Sunday, August 12th, 2012

    Carolina Leid will look at a new initiative started up by the Manhattan District Attorney's office to reach to Latin American consuls in New York to open a dialogue among the consulates, the immigrants they represent and local law enforcement in regards to making Latinos feel more comfortable reporting crime to the NYPD. She will be joined by Manhattan Chief Assistant District Attorney Daniel R. Alonso.

    Later on, with the Democratic and Republican national conventions around the corner, Carolina will take a look at what Latinos can expect as delegates from both parties. Joining her will be Cid Wilson, a Democratic delegate from New Jersey; and Ruben Estrada, an alternate delegate from New York who also serves as the chairman of the New York State chapter of the Latino National Republican Coalition.

    Sunday, August 5th, 2012

    Carolina Leid will take a look at one of the possible unintended consequences of President Obama's new health care law -- the financial strain that could be put on hospitals across the country, and the negative impact on illegal immigrants in particular. Joining her to talk about the issue will be Alan Aviles, president and CEO of New York City Health and Hospitals Corporation and Wendy Goldstein, president and CEO of Lutheran HealthCare in Sunset Park in Brooklyn.

    Later on, Carolina will discuss a growing area initiative to teach children to swim -- especially Latino and African-American children -- among various local and national organizations, including the YMCA and the NYC Parks Department. She will be joined by Lori Rose Benson, vice president for New York City's YMCA and Christine Aleman, aquatics director of the Bronx YMCA.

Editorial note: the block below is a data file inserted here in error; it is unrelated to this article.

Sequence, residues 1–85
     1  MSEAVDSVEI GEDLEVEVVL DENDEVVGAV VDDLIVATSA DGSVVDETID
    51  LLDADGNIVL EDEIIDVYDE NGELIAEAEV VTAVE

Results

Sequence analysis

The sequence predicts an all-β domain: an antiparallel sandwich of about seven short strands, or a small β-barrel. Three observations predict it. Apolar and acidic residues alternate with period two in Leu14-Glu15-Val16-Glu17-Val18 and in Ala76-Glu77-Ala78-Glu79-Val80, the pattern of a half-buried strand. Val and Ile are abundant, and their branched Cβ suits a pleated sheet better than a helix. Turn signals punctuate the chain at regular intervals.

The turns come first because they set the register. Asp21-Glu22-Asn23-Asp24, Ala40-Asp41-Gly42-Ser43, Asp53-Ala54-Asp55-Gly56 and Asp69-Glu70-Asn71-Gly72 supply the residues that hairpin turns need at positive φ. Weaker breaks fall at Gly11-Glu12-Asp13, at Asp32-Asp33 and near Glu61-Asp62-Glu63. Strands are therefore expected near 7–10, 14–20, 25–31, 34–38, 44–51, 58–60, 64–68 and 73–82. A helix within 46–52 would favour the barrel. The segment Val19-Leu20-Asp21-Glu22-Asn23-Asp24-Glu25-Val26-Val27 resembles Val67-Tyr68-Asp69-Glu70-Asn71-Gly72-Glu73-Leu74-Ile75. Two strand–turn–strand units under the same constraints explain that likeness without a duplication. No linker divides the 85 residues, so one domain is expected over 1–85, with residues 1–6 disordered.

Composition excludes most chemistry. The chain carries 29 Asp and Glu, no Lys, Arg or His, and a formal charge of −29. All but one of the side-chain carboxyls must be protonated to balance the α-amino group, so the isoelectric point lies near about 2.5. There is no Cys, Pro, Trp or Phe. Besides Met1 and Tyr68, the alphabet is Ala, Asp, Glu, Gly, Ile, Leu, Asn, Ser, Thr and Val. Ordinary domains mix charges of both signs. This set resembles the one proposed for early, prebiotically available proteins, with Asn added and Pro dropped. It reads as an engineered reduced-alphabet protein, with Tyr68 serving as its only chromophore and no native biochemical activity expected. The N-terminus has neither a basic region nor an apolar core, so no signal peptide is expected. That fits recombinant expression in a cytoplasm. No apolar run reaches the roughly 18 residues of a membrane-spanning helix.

Sunday, July 29th, 2012

    In the wake of the National Day of Action for Workers' Rights and Fair Wages on July 24, Carolina Leid will take a look at the initiative in New York State to raise minimum wage and for paid sick days. She will be joined by New York State senator Gustavo Rivera -- whose 33rd District in the Northwest Bronx has a median annual income of of about $25,000 -- and Camille Rivera, executive director of United New York, a local coalition that focuses on income equality.

    Later on, Carolina will examine the national reading program "Reach Out and Read," which promotes literary skills in young children. Studies have shown an achievement gaps in literacy among minorities, particularly immigrant Latinos in the U.S. To close the gap, a special Latino-focused program was been created: "Leyendo Juntos" (Reading Together). She will speak with Traci Lester, the executive director of Reach Out and Read of Greater New York; Dr. Sandra Braganza, pediatrician at The Children's Hospital at Montefiore; and Marie Betancourt, a parent involved with the program.

    Sunday, July 22nd, 2012